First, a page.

6 signs of heart disease you need to know

There’s never been a better time for you to start thinking about your heart, and making changes for a longer, fuller life.

Heart disease is the number one killer of both men and women in the United States. Since February is American Heart Month, it's the perfect opportunity to learn more about cardiac health and what you can do to keep your heart pumping smoothly. Understand the signs and symptoms of a heart attack, how you can prevent one, and most importantly, what to do if you think you're having one.

Know the signs:

Early detection of heart disease or a heart attack is key to having the best possible outcome. Any of the symptoms below may be a sign you are having a heart episode (please note that this is not a complete list of heart attack symptoms):

  1. Uncomfortable pressure or pain in the chest
  2. Pain throughout the shoulders, neck, back and arms
  3. Chest pain accompanied by sweating, lightheadedness, shortness of breath, nausea, dizziness, fatigue or an irregular pulse
  4. Extreme anxiousness or irritability
  5. Trouble sleeping
  6. Irregular heartbeat

If you notice any of the above heart attack symptoms, immediately call 911. Then, take the following steps, if possible:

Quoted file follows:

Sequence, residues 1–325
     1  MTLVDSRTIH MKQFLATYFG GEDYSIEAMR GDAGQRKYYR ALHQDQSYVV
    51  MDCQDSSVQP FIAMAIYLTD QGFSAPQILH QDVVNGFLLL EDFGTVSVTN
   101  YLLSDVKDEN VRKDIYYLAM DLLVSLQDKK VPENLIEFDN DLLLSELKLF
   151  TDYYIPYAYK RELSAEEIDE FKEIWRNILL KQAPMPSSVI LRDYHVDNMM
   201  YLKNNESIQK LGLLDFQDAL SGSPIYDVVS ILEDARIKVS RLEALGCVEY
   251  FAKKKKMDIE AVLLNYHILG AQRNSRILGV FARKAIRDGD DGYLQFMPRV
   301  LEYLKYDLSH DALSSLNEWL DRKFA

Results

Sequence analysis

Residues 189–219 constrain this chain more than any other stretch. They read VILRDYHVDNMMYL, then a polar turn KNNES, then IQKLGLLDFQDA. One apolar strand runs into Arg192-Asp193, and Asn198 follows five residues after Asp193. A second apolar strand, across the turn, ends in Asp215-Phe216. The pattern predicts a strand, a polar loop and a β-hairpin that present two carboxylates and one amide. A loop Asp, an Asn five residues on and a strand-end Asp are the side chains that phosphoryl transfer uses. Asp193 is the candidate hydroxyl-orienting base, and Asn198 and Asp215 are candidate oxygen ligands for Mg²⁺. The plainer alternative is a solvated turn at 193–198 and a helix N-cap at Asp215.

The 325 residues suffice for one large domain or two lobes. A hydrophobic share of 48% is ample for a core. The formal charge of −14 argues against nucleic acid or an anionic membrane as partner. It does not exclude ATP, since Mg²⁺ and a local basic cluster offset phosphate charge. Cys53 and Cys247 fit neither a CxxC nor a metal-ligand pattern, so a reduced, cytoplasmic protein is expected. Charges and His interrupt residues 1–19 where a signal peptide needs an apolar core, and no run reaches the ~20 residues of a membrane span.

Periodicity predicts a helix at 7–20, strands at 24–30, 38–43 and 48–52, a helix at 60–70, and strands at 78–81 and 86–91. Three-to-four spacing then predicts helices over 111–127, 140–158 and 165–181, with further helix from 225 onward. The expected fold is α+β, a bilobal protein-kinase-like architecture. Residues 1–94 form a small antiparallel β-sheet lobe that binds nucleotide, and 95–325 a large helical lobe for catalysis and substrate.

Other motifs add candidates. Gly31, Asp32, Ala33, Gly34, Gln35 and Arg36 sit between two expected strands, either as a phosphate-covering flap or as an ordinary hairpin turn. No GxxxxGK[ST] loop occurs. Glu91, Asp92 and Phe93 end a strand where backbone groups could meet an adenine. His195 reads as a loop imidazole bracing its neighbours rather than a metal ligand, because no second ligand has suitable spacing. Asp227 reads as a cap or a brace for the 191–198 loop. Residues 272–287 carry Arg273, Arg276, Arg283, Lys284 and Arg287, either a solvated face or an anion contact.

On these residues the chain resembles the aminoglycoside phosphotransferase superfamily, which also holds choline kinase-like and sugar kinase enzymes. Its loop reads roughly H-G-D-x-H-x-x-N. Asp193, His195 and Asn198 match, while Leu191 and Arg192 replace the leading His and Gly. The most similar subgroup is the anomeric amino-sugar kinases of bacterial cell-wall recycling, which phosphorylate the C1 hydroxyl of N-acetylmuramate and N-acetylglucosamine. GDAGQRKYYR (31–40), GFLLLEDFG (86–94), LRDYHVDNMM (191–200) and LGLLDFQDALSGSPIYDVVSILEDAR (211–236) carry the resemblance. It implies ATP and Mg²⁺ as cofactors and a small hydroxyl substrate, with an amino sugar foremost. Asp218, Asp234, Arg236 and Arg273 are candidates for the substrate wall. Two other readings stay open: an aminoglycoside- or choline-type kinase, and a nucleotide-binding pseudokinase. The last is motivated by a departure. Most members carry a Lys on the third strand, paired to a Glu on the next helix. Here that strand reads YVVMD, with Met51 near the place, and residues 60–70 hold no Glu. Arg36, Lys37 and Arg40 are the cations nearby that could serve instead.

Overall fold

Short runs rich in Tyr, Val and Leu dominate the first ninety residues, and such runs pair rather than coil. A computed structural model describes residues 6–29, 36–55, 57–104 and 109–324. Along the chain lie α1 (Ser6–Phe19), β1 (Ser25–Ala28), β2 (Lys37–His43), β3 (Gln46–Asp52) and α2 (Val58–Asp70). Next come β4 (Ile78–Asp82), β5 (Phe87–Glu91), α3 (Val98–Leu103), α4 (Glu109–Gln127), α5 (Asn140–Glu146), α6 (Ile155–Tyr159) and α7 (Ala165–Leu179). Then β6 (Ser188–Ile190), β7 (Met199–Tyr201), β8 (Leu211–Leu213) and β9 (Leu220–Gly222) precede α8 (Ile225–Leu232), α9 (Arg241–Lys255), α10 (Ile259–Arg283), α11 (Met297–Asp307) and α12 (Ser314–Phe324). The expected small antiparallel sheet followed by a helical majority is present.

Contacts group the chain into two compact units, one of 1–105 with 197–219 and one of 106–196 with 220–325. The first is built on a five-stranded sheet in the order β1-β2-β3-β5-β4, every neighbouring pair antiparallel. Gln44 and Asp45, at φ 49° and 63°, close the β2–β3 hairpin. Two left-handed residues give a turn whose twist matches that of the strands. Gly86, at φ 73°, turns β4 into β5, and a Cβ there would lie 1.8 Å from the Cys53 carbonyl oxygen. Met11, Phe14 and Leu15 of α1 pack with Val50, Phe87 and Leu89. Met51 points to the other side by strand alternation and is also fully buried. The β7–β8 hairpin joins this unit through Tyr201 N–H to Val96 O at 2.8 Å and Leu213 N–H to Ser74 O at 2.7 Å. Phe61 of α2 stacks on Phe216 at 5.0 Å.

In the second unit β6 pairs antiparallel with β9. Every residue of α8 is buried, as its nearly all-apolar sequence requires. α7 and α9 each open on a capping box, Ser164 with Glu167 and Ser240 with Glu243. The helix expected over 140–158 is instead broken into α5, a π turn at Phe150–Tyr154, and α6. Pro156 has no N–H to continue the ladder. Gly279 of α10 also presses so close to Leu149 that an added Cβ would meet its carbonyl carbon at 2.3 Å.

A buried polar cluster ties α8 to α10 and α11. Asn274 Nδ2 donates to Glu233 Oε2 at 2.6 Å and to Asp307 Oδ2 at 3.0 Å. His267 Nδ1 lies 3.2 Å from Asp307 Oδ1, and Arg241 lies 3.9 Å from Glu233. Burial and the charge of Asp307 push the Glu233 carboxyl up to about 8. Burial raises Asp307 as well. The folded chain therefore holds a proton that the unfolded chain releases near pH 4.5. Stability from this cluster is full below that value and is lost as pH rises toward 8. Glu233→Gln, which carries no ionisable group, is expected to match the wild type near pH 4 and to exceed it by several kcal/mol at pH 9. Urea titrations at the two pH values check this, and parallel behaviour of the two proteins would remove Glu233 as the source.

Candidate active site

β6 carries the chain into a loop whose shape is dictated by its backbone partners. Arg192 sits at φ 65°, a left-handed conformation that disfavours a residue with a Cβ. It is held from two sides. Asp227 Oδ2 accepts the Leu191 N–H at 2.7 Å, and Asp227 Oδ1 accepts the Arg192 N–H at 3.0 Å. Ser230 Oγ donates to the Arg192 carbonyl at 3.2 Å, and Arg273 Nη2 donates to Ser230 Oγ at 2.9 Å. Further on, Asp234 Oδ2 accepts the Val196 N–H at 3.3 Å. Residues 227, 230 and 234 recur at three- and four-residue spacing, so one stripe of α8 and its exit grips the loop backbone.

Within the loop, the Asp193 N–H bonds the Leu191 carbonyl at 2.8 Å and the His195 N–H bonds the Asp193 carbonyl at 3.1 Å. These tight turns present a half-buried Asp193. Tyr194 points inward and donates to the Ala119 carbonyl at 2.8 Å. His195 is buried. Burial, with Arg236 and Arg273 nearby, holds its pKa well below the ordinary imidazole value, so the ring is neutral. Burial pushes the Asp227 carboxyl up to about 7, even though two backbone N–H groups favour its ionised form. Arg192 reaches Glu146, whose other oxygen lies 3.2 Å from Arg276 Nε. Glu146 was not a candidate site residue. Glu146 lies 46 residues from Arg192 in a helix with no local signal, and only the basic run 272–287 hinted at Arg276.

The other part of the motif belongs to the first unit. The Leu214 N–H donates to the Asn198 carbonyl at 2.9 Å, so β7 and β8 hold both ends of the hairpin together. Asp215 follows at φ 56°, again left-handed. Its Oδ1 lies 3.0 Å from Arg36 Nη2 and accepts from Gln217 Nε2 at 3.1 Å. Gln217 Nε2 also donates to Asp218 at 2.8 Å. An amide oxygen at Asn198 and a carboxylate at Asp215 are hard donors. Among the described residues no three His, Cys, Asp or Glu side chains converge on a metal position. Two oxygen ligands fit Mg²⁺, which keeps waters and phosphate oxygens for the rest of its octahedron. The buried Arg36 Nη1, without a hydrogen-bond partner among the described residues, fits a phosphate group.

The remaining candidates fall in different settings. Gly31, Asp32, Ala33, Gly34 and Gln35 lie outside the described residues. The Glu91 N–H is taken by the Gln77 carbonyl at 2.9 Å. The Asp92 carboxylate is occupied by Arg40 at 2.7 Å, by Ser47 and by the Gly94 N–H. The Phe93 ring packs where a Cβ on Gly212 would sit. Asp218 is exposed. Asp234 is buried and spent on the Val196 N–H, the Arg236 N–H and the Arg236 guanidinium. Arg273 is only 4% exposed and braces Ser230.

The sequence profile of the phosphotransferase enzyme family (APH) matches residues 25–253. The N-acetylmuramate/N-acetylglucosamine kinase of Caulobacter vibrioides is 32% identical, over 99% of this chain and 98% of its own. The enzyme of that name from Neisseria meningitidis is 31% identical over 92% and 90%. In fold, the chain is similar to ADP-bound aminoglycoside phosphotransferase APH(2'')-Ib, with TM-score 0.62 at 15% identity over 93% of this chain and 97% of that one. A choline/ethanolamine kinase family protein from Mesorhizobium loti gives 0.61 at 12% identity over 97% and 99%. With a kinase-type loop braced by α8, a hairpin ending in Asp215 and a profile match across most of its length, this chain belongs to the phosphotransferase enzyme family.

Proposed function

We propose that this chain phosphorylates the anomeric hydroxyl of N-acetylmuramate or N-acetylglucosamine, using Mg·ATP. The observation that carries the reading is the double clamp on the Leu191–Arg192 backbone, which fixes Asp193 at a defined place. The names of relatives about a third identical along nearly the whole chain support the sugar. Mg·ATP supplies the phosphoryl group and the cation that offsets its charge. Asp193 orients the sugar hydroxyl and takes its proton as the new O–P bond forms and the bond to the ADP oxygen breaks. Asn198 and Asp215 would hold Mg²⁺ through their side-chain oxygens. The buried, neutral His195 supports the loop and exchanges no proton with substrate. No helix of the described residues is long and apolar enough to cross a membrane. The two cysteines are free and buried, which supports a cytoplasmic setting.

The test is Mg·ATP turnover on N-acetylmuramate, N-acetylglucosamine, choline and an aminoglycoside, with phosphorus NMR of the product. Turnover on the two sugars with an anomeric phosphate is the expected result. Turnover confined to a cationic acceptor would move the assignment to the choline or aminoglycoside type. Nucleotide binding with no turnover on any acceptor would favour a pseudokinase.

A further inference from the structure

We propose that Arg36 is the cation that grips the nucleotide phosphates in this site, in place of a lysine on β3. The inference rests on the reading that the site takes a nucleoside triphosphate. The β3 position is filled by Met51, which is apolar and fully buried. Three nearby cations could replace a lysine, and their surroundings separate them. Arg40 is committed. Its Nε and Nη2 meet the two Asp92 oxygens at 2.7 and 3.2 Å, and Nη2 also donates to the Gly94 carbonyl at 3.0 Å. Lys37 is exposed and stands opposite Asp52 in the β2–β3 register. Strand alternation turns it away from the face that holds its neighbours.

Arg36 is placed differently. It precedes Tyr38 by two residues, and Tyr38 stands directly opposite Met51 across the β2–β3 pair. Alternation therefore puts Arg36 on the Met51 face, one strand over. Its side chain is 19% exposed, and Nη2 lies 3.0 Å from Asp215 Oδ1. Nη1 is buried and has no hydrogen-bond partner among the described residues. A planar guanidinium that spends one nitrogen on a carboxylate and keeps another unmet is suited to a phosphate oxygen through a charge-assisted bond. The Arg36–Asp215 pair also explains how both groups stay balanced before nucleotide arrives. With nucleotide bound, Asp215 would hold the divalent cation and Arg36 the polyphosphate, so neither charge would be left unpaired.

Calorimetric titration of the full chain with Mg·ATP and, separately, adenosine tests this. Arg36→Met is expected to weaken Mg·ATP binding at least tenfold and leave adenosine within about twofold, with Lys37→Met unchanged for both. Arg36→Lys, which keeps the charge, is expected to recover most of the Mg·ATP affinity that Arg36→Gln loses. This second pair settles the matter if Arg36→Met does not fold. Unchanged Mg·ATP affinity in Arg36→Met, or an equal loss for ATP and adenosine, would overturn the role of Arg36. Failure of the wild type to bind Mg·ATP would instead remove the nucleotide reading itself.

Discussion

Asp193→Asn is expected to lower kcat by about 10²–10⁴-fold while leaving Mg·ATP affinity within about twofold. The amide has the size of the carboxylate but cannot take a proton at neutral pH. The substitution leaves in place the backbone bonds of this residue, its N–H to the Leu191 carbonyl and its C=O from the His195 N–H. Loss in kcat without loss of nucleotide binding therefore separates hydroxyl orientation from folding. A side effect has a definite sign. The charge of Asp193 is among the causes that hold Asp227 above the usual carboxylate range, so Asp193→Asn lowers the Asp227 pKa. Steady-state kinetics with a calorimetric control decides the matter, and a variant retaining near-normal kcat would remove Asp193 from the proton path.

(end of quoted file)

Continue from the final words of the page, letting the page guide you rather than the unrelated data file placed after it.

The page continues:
1. Unlock the front door
  2. Keep your phone with you
  3. Take 1 adult (325 mg) or 4 low-dose (81 mg) aspirin (unless you are allergic)
  4. Sit in a comfortable position and stay as calm as you can while waiting for help to arrive

How to prevent a heart attack:

While it’s good to know the symptoms of a heart attack and what to do if you experience them, it’s best to completely avoid having an episode at all by adopting a few preventive, heart healthy practices.

  1. See your doctor. Go to your doctor at least once a year, even if you aren’t sick. He or she will be able to evaluate your potential risk for heart disease and write a prescription if preventive medication is necessary.
  2. Eat healthy. Make sure your diet is rich in fruits and vegetables, especially leafy greens. To add flavor to food, liberally add dried or fresh herbs and limit salt. Also, make sure you’re consuming an adequate amount of water, at least two liters a day.
  3. Be active. Keep your life from being too sedentary by being active every day. You may not be ready for a grueling exercise routine, but even going on a 15-30 minute walk each day will help you be healthier and reduce your risk of heart disease.

Baptist Health is committed to keeping the community growing strong. To help Arkansans stay healthy, they provide health information, risk assessments, healthy recipes, and screenings. Learn more and schedule an appointment by visiting